Larry Tadayuki Tanimoto
442nd Regimental Combat Team
3rd Battalion, I Company
Larry Tadayuki Tanimoto was born on May 9, 1919, in Honomu, South Hilo District, Hawaii island, Territory of Hawaii. He was one of eleven children of Jinkuro and Fute (Oshima) Tanimoto. The seven sons were: Paul Hikatsu, Tsutomu, Tsukasa, Masakotsu, Tadayuki, Victor Kazunobu, and Lionel Yoshito. The four daughters were: Violet Sawayo, Haruaki, Fujiko, and Carol Ayamei. Jinkuro and Fute emigrated from Niho-machi, Hiroshima Prefecture, Japan, in 1904 and 1906, respectively. Jinkuro arrived on January 23, 1904 on the S.S. Gaelic; Fute on November 2, 1906 on the S.S. Korea.
In 1910 and 1920, Jinkuro was working as a teamster for the Honomu (sugar) Plantation, and the family was living in Camp 16 and Camp 15, respectively. By 1930, he was retail fish merchant, and in 1940, he was a janitor for the Alexander Baldwin Company at Bishop & Market Streets in Honolulu.
Larry was educated at Pauoa School, Kawananakoa Intermediate School, and McKinley High School in Honolulu. He registered for the draft on October 26, 1940, Local Board No. 5 at the Tax Office in Honolulu. He was employed with the Independent Lighting & Fixtures, Ltd., 729 Alakea Street. His point of contact was his mother; they were living at 228 Namokueha Street in Honolulu. He was 5’6½” tall and weighed 142 pounds.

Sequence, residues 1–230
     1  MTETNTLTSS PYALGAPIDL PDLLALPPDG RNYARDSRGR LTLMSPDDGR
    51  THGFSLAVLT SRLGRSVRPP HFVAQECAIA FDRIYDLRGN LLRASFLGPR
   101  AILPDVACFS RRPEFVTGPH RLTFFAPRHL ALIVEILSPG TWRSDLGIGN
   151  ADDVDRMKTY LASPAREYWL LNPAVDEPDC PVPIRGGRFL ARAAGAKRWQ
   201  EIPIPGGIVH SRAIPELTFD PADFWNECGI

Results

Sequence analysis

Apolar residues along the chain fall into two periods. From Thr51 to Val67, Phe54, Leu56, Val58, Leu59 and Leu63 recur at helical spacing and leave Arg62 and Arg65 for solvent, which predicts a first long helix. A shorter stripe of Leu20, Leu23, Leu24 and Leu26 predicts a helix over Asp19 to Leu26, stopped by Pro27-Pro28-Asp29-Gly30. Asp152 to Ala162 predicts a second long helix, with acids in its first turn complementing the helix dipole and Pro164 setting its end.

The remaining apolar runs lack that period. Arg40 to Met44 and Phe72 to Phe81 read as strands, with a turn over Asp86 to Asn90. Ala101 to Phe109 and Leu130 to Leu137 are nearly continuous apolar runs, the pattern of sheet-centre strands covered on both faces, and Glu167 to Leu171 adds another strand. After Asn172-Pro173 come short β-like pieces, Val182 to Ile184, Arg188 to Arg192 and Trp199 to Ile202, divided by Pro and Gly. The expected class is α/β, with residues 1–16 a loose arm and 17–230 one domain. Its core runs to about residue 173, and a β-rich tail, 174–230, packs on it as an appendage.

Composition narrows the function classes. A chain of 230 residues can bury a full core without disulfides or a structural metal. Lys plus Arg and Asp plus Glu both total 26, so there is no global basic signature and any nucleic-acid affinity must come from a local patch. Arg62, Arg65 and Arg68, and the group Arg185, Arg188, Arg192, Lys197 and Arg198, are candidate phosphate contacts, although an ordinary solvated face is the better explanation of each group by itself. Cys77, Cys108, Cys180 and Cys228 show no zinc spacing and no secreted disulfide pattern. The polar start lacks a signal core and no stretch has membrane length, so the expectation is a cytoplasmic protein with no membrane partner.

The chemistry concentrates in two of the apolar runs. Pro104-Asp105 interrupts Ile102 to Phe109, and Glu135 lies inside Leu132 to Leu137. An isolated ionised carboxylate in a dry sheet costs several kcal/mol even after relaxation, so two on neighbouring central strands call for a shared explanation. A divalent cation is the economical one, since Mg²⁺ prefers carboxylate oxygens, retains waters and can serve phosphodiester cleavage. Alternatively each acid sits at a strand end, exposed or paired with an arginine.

Larry enlisted in the Army on March 25, 1943, in Honolulu. His civilian occupation was listed as “Tinsmiths, coppersmiths, and sheet metal workers.” Before entering the service, he was working as a plumber for the Army. He was sent with other enlistees to the “tent city,” known as Boom Town, at Schofield Barracks. On March 28, they were given a community farewell at Iolani Palace. On April 4, they sailed on the S.S. Lurline to San Francisco. After a train trip across the US, they arrived at Camp Shelby, Mississippi, for training. After basic training, Fred was assigned to 3rd Battalion, I Company, 4th Platoon.
Right: Larry at Camp Shelby